Manchester has marked the anniversary of a bomb attack that killed 22 people leaving an Ariana Grande concert. The singer sent a message of love to survivors attending a memorial service alongside a numer of dignitaries.
With a minute's silence across the country, Britain on Tuesday marked the first anniversary of a suicide bomb attack at Manchester Arena that killed 22 people. Prime Minister Theresa May, Prince William and faith leaders also joined survivors, families of the victims and first responders for a memorial service at Manchester cathedral.
"The targeting of the young and innocent as they enjoyed a carefree night out... was an act of sickening cowardice," Theresa May wrote in the city's local paper, the Manchester Evening News.
Seven of the victims were children under the age of 18. Police say that more than 800 people were left "with physical and deep psychological injuries."
The prime minister added that "such appalling acts of wickedness" would strengthen Britain's resolve "to defeat such twisted ideologies and beliefs."
"It was designed to strike at the heart of our values and our way of life in one of our most vibrant cities, with the aim of breaking our resolve and dividing us. It failed," she said
Mayor of Manchester Andy Burnham meanwhile called for people to use this day as an opportunity to "come together" to remember the victims.
Other UK politicians attending the memorial included Scotland's First Minister Nicola Sturgeon and Labour Party Leader Jeremy Corbyn.
Salman Abedi, a 22-year-old British man of Libyan descent, blew himself up outside the venue as fans were leaving an Ariana Grande concert in the city in Northwest England on May 22, 2017. An investigation into the attack continues, with about 100 investigators still working on the case, according to the police. It is believed that Abedi was part of a terrorist network.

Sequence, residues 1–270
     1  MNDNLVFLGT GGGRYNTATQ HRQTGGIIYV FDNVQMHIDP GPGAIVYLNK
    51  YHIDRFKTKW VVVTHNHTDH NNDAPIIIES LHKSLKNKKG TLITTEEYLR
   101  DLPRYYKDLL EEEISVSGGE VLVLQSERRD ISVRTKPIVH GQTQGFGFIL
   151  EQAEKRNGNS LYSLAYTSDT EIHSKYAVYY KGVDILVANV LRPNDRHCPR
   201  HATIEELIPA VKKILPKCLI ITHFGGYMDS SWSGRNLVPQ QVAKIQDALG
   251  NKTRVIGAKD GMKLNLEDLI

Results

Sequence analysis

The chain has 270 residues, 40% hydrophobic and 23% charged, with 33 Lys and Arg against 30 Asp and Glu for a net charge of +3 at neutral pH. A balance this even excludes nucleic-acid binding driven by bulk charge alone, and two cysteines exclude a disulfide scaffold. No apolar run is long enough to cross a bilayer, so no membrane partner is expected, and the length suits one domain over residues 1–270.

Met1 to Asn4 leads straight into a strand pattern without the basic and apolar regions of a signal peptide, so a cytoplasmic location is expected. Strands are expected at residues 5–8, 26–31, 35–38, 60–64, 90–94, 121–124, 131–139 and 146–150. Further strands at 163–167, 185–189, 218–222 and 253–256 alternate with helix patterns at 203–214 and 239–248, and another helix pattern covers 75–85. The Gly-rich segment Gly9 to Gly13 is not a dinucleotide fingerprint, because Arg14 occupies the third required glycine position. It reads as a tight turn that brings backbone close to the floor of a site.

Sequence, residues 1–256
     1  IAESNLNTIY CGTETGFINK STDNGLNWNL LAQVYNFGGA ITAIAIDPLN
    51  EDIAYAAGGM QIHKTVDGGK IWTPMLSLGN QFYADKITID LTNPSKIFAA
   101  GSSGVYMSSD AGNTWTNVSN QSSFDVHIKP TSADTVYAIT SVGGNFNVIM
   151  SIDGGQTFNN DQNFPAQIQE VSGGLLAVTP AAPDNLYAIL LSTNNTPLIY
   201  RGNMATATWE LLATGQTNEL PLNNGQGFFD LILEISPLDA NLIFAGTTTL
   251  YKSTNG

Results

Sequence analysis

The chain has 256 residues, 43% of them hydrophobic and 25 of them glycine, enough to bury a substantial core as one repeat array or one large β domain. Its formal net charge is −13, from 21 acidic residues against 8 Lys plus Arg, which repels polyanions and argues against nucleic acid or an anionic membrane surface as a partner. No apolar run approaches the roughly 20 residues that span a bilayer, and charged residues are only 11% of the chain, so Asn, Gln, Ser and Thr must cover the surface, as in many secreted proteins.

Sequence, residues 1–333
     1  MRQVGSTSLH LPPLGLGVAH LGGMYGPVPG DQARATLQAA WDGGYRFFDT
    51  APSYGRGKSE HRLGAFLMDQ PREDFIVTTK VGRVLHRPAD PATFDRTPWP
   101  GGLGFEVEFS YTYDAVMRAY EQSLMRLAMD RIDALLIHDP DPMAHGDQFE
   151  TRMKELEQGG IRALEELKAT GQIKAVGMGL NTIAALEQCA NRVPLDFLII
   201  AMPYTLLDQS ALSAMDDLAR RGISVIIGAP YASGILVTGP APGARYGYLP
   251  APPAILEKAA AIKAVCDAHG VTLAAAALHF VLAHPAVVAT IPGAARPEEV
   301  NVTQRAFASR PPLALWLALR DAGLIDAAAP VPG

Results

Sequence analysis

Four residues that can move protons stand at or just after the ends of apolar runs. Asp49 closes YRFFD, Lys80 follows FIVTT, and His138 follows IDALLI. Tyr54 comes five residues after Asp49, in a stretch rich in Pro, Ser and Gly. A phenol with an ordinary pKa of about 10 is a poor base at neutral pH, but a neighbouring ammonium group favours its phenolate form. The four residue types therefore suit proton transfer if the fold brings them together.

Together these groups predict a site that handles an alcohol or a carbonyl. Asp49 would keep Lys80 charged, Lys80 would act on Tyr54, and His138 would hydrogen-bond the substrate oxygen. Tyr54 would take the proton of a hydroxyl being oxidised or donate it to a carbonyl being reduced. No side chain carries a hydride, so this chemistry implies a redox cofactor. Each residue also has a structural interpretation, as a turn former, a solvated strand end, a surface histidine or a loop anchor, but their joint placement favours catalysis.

Applause for Prince William
Prince William was welcomed with a round of applause before the beginning of the service. He shared a Bible reading during the memorial service; the passage from the First Epistle to the Corinthians was read at the funeral of his mother, Diana, Princess of Wales, some 20 years ago.
"Love is patient; love is kind; love is not envious or boastful or arrogant or rude. It does not insist on its own way; it is not irritable or resentful; it does not rejoice in wrongdoing, but rejoices in the truth. It bears all things, believes all things, hopes all things, endures all things," the passage reads.
Leaders of the catholic and protestant churches, as well as figures from the Sikh, Jewish, Muslim and Humanist communities also read at the service.
Later in the evening, thousands of people gathered in the city center to hear performances from local youth choirs and readings of poetry and messages of support as part of a "Manchester together" concert.
Ariana Grande remembers fans
Ariana Grande meanwhile shared a message with the survivors and families of victims, saying she was "thinking of you all today and every day" in a tweet.
The tweet notably included a bee — a symbol of Manchester. Two weeks after the attack, Grande had organized a benefit concert in response to the attack, "One Love Manchester," which was attended by 55,000 people. The event featured Justin Bieber, the Black Eyed Peas, Coldplay, Miley Cyrus, Katy Perry, Take That, Robbie Williams and Liam Gallagher among others as guests stars.
Later in the day, more than 3,000 singers from local choirs, including a group who were at the arena on the night, are expected to join forces at a "Manchester together" event in the city with half an hour of communal singing.
amp, ss/rt (AP, AFP, dpa)